Wednesday, October 25, 2006

Jeremy Bentham in the Lab

I've got a colleague who does pain research (and, no, there is no truth to the rumor that my 8 am logic class is one of his experiments). He studies physiological issues related to pain. Where pain is usually the result of an undesirable change to the body, he conducts clinical studies employing a quite incredible machine that is able to stimulate pain receptors causing in his volunteers pain from the mild throb to "MOMMY!!!!!" But the instant the machine is turned off, the pain immediately goes away and there is no lasting effects, no damage or healing necessary.

I've been thinking about this research and Jeremy Bentham popped to mind. Bentham was a thinker at the turn of the 19th century who formulated an ethical system called utilitarianism. Consider sitting on a park bench minding your own business when a person you don't know walks by and hands you a fresh baked, home-made chocolate chip cookie for no good reason. A few minutes, again, for no good reason, someone walks by and punches you in the nose. Bentham argued, quite in line with our intuitions, that the first act was morally good and the second is morally wrong because the first created pleasure and the second, pain. Your acts have real consequences in the real world and morality is about helping to make the world around us the best place for everyone in it. An act is good if it brings about the most pleasure and least pain and morally wrong if it causes more pain or less pleasure than otherwise might have been. Morality is based on consequences and the relevant consequences are the pain or pleasure experienced by real beings (Bentham saw no reason that any being who felt pain or pleasure should be excluded from moral consideration).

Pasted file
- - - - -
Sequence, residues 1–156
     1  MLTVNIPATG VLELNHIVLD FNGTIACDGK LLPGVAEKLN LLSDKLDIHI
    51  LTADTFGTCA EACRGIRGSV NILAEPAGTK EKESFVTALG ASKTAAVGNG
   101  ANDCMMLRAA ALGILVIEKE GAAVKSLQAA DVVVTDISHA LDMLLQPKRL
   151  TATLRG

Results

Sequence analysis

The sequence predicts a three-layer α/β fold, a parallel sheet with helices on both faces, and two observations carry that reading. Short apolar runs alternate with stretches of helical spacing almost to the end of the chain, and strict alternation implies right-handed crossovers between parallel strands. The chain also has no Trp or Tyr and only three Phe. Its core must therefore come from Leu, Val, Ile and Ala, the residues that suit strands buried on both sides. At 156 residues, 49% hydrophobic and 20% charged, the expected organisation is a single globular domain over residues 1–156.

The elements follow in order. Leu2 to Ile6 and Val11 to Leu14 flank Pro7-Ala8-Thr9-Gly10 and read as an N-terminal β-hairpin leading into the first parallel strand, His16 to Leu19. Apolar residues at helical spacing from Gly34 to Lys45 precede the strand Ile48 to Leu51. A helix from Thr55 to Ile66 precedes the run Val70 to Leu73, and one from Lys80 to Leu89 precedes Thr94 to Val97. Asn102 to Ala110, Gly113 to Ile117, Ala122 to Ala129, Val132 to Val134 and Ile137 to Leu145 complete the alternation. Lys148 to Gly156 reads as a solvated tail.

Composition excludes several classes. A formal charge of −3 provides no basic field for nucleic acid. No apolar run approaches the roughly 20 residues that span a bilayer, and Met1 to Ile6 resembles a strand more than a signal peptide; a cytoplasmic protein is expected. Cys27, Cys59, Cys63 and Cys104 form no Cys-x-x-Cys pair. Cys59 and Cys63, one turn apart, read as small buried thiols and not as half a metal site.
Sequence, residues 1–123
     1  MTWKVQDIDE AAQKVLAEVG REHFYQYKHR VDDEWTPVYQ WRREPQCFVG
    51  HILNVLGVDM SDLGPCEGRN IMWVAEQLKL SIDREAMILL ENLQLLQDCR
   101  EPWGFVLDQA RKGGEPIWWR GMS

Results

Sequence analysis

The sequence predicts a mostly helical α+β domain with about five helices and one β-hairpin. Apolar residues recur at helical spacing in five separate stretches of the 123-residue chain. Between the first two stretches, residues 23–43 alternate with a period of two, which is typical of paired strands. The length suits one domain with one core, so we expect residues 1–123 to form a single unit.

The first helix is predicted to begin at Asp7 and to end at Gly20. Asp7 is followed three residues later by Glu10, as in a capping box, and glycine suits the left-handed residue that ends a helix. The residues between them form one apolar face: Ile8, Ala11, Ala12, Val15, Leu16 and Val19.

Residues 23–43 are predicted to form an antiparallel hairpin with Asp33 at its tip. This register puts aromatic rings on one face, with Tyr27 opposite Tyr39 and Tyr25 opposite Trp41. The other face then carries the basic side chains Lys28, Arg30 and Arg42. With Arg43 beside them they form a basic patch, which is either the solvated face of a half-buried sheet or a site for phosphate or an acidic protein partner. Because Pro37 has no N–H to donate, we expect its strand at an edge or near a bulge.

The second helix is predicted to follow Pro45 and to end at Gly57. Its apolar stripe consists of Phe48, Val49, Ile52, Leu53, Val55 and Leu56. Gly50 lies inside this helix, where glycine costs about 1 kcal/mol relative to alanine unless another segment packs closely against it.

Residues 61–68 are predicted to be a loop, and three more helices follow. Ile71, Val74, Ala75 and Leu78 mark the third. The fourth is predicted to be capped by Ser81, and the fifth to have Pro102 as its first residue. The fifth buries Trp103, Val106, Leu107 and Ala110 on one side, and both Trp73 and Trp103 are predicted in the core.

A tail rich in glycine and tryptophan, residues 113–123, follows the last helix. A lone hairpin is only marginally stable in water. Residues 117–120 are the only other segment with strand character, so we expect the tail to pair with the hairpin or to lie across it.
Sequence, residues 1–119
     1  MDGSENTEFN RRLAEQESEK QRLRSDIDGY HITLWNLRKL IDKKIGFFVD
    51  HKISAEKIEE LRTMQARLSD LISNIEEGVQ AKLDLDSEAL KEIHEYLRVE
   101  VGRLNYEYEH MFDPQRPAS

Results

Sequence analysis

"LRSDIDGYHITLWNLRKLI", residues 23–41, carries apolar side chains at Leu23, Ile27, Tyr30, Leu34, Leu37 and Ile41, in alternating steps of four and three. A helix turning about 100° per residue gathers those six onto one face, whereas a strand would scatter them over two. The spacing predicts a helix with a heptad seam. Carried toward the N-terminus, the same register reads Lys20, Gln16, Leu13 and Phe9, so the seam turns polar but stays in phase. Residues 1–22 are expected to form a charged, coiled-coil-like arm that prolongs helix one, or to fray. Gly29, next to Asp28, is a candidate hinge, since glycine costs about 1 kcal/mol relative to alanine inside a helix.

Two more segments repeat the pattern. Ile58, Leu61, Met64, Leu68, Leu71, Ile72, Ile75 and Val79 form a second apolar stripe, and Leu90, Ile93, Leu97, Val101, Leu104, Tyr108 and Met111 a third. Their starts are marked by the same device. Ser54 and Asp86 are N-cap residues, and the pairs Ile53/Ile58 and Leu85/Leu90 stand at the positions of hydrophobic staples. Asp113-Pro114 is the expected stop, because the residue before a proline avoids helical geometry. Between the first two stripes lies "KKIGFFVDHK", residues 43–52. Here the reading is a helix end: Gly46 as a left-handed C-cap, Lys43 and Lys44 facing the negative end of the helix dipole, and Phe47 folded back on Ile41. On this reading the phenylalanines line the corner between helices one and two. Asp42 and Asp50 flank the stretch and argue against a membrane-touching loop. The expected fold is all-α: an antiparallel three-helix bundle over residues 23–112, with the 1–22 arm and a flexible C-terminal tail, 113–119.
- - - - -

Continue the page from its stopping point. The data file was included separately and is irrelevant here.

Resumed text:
These ethical calculations, of course, are to take into account the sum total of pain and pleasure, so the fact that my colleague's research could lead to advances in pain management means that the research is not immediately to be condemned on utilitarian grounds. The long term benefits to potentially a large number of people certainly outweigh the short term discomfort of a few test subjects as long as he is conducting his research in good faith, which he is.

But now consider a fictional colleague in Health and Human Sciences doing pleasure research, Dr. Whippet, who instead of the pain machine, administers a shot of nitrous oxide, providing her test subjects with a short period of intense pleasure to study the same sort of physiological responses. Suppose that her research has the same potential for medical usefulness, but in different applications (assume that some pain research of this sort is also necessary).

Bentham would have to consider her research to be morally superior. If you were a student who had to pick a senior project director, you would be morally obliged to choose her pleasure research over his pain research even though both projects are necessary (assuming that your senior project will not make huge advances in either research project). That seems a bit counter-intuitive to me. Would Bentham be wrong here? Is pain itself really morally relevant?